Your assessment of Canadians' passion for Neil Young is quite accurate.
John Hillerup

Diamond Lanes and Increased Gas Prices Fairer Than Tolls

RECEIVED Mon., March 13, 2006

To the editor,
    I might be persuaded to support toll roads if they had an option to reward folks who carpool. Say, give them a credit for three or more adults during rush hour and no toll for two or more adults during rush hour or three or more adults during nonrush hours. I would also give a credit for cars that get more than 40 mpg, no toll for cars that get 30-40 mpg, regular toll for cars that get 20-30 mpg, double the toll for cars and trucks that get 15-20 mpg and quadruple tolls for vehicles that get less than 15 mpg. Oh well, it would probably be much easier to just add $1.20 per gallon gas tax phased in at 5 cents per gallon per month for the next two years. That way the folks who waste fuel would start to pay part of the true cost of increased road construction, maintenance, crowding, etc. Toll roads seem to me to be a way to keep the poor folk from cluttering up the roads for the wealthy. Diamond lanes and an increased gas tax seem a lot fairer.
Yours truly,
Lawrence Lawver

Wit and Wisdom From One Without Either

RECEIVED Mon., March 13, 2006

“Postmarks” and editors,
    Boy, you know it's a slow news day when the Austin American-Statesman [March 12] publishes a front-page full-color mug shot of a mud fence growing hair. (Or losing hair as the case may be.) At first I thought it was a front-page obit for one of the infamous Lee brothers, Home and Ug. Louis Black looks like he's pondering the choice of a salt-water enema or a shot of Milk of Magnesia.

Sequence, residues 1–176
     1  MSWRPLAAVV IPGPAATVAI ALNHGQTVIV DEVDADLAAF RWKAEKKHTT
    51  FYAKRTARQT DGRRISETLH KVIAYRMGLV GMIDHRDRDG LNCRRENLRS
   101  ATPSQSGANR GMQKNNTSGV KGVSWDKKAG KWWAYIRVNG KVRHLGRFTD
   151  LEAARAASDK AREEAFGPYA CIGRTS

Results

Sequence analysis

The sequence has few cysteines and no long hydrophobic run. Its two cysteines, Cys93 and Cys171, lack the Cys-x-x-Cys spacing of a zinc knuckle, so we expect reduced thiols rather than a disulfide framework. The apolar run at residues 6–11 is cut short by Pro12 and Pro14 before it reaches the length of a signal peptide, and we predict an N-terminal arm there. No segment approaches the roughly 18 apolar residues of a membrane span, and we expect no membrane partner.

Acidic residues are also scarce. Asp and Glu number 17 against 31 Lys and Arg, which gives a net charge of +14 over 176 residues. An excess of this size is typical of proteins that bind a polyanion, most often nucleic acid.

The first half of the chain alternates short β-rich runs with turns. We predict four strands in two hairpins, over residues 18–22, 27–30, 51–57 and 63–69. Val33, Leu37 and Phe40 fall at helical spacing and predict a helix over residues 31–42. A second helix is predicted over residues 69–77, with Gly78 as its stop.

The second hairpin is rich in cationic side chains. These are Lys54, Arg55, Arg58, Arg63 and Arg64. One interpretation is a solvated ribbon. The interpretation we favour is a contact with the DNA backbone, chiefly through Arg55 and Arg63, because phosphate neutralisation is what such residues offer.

Kurt Standiford

Why They Hate Louis Black

RECEIVED Mon., March 13, 2006

Dear Mr. Black and blue,
    They don't necessarily hate you Louis for what you stand for – they hate you for what you don't stand for; those that cherish individual rights and the freedoms that come with them. But what really has pushed this to a feverish pitch is quite simple; they have the power and are no longer just the opposition party – which is when they are actually more effective. And they no longer can pin the blame on the donkey.
Eddy Ames

Banking Problems

RECEIVED Mon., March 13, 2006

Dear Editor,
    I was reading your article "Don't Bank on It" [News, March 3] about David Wheeler's problems with Bank of America and missing deposits, and I would just like to say I have had the same thing happen to me with Bank of America on two separate occasions. And, on both occasions the bank refused to take credit for any wrongdoing. It was the same situation where I swore, and I know, I put the deposits in correctly and yet they refused to appear. The outcome was horrible because it put my account into almost negative $600, and I couldn't do anything about it but slowly pay it off. It angers me to know that the same thing happened to someone else. I just thought I would share that Mr. Wheeler is not the only person being screwed by Bank of America.